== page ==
NEW YORK, N.Y. — GLAAD announced at its 29th Annual GLAAD Media Awards Rising Stars Luncheon that CBS’ “Survivor: Game Changers” received the GLAAD Media Award in the Outstanding Reality Program category. The Rising Stars event empowers and invests in the next generation of LGBTQ change makers, whose advocacy is changing their local communities and the culture at large.
Television personality Ross Mathews hosted the event that included an opening duet with Melissa Etheridge and Adam Lambert celebrating the 25th anniversary of her breakthrough album “YES I AM” by performing a new arrangement of her song “I’m The Only One.” Special guests at the event included Robin Roberts, Laverne Cox, Alexis Bledel Lea Michele, Asia Kate Dillon, Nyle DiMarco, Angelica Ross, Blair Imani, Frankie Grande, Auli’i Cravalho, Janet Mock, Stephanie Rice, Tommy Dorfman, Amiyah Scott, Brad Goreski and Zeke Smith, among others.
“Survivor: Game Changers” was nominated alongside Viceland’s “Gaycation” with Ellen Page, TLC’s “I Am Jazz,” VH1’s “RuPaul’s Drag Race,” and NBC’s “The Voice.”
Accepting the award on behalf of “Survivor: Game Changers” was contestant Zeke Smith. “Survivor: Game Changers” was Smith’s second consecutive season, and during a heated tribal council, another player told the tribe that Smith was a transgender man and accused him of being deceptive simply because he had not disclosed his gender history to the other players.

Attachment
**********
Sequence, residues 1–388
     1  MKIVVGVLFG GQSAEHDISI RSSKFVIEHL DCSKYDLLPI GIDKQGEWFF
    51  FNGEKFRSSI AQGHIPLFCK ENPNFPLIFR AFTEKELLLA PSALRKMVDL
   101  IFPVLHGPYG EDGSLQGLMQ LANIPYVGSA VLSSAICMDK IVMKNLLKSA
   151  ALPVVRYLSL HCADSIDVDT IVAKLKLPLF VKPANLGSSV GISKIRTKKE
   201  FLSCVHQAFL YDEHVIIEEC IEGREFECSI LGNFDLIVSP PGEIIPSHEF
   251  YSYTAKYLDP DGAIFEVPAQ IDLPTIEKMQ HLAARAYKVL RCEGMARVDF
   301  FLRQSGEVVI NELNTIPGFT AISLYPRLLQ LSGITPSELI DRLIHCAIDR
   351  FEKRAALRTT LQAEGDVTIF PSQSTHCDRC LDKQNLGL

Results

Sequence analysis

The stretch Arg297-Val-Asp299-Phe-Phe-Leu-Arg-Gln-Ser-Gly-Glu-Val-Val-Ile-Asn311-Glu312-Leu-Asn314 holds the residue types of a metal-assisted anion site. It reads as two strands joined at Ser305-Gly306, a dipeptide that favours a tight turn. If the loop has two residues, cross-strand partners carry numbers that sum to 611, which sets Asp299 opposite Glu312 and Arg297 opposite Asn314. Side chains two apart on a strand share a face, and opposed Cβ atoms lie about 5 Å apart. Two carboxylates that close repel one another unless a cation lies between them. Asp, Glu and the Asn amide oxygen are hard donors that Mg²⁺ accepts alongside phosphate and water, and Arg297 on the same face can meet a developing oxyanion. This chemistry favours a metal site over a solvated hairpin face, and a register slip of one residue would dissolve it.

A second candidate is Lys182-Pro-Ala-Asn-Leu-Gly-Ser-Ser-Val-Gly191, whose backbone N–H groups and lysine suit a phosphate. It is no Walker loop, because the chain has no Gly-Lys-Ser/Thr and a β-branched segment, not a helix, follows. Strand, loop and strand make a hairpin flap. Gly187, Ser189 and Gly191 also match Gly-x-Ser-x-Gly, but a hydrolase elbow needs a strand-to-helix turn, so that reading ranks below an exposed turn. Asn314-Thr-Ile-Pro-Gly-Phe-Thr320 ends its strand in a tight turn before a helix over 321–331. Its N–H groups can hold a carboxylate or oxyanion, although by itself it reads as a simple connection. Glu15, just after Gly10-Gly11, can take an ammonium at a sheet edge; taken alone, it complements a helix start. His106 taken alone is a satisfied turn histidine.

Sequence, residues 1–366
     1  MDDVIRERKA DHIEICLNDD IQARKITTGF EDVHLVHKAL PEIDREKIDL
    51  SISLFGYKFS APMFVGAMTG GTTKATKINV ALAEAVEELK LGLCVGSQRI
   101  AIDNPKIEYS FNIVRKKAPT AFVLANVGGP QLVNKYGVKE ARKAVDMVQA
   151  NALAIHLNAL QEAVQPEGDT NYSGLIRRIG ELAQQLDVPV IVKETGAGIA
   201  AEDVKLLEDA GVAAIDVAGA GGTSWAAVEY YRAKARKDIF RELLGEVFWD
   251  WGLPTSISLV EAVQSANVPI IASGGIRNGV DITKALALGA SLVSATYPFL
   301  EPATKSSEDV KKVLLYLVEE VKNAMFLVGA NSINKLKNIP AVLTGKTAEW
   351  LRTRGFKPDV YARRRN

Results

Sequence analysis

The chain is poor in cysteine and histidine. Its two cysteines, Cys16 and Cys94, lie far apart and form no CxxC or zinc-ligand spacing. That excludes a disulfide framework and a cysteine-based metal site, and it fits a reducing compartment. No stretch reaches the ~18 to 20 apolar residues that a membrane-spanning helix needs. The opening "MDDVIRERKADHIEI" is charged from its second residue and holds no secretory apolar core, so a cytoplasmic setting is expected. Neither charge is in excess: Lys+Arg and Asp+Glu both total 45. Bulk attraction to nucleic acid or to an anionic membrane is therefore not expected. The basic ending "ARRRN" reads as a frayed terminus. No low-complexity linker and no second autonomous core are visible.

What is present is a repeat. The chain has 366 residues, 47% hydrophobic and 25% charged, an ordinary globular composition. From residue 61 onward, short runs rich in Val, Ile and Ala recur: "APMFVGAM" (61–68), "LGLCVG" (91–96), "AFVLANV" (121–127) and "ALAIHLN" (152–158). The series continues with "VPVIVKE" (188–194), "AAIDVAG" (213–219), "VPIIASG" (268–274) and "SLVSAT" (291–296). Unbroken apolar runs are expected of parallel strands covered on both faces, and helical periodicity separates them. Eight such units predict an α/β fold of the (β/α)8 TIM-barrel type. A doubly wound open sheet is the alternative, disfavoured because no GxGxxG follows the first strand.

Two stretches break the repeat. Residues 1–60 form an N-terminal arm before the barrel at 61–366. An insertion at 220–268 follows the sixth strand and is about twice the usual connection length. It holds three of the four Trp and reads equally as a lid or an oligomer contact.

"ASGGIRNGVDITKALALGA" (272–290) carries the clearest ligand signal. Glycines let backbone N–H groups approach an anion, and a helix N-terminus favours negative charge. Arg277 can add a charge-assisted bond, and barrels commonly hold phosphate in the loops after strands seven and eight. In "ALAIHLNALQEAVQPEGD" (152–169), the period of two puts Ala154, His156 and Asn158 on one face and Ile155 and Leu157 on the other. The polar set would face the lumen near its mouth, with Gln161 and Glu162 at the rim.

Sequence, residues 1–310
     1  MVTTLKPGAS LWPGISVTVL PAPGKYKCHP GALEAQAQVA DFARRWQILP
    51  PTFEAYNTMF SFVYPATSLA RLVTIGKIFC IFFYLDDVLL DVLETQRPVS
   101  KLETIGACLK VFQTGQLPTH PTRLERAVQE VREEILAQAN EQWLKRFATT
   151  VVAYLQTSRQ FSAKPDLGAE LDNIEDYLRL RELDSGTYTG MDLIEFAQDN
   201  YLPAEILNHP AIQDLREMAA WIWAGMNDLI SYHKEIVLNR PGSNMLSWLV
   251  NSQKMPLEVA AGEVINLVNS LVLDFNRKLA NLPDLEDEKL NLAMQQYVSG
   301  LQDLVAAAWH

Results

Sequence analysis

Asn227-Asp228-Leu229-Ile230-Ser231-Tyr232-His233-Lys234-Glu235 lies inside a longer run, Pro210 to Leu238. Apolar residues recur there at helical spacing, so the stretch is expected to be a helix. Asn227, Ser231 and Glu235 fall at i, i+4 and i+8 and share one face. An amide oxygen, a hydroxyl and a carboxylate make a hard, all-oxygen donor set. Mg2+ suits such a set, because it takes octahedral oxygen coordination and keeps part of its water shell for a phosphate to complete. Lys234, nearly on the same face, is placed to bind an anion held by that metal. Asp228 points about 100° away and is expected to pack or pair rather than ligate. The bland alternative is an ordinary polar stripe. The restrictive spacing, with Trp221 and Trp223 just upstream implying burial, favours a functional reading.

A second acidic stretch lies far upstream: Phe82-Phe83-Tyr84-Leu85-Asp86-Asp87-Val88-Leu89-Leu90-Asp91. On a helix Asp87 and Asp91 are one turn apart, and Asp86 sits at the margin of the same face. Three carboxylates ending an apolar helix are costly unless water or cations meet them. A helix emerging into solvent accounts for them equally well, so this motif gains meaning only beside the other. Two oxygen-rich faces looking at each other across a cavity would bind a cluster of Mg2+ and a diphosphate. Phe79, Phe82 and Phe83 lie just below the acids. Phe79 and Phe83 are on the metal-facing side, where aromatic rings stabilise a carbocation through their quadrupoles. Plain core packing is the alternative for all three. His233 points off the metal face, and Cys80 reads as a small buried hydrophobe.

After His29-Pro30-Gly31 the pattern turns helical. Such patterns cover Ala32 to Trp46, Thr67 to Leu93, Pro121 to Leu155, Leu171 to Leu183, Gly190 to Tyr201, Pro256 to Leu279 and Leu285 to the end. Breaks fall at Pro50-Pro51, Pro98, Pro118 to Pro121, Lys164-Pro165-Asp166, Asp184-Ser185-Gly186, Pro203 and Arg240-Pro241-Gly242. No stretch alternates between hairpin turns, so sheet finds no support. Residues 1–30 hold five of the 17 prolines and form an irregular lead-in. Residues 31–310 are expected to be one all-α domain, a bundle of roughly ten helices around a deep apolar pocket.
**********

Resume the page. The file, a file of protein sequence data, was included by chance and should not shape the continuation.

Smith’s tribemates immediately understood that Smith was not deceptive simply because he played as his authentic self and that outing someone is wrong. GLAAD worked closely with CBS and Smith to ensure that when the episode aired, Smith would have the opportunity to speak for himself about his experience. The award was presented by singer Jackie Evancho, her transgender advocate sister Juliet Evancho and television personality Frankie Grande.
While accepting the award, Smith said: “My grand public outing made global headlines. Together, we changed millions of people’s perceptions of transgender people. We shattered stereotypes. We created a worldwide conversation about privacy and respect. Over the past year, I’ve met a lot of trans kids. Transitioning in middle and high school is hard. I see these kids struggling to retain hope that they’ll have an equal shot in the world. LGBTQ visibility on television matters because for many it is the only chance to glimpse their future. And to see that it is very bright.”
“Reality television has long been at the forefront of LGBTQ inclusion on the small screen, and ‘Survivor: Game Changers’ continued that legacy with its thoughtful and responsible handling of Zeke Smith’s story,” said GLAAD President and CEO Sarah Kate Ellis. “By ensuring that Zeke would have the opportunity to share his story in his own words, the show sparked a national conversation about the trans community.”
A full listing of awardees in each category is available online.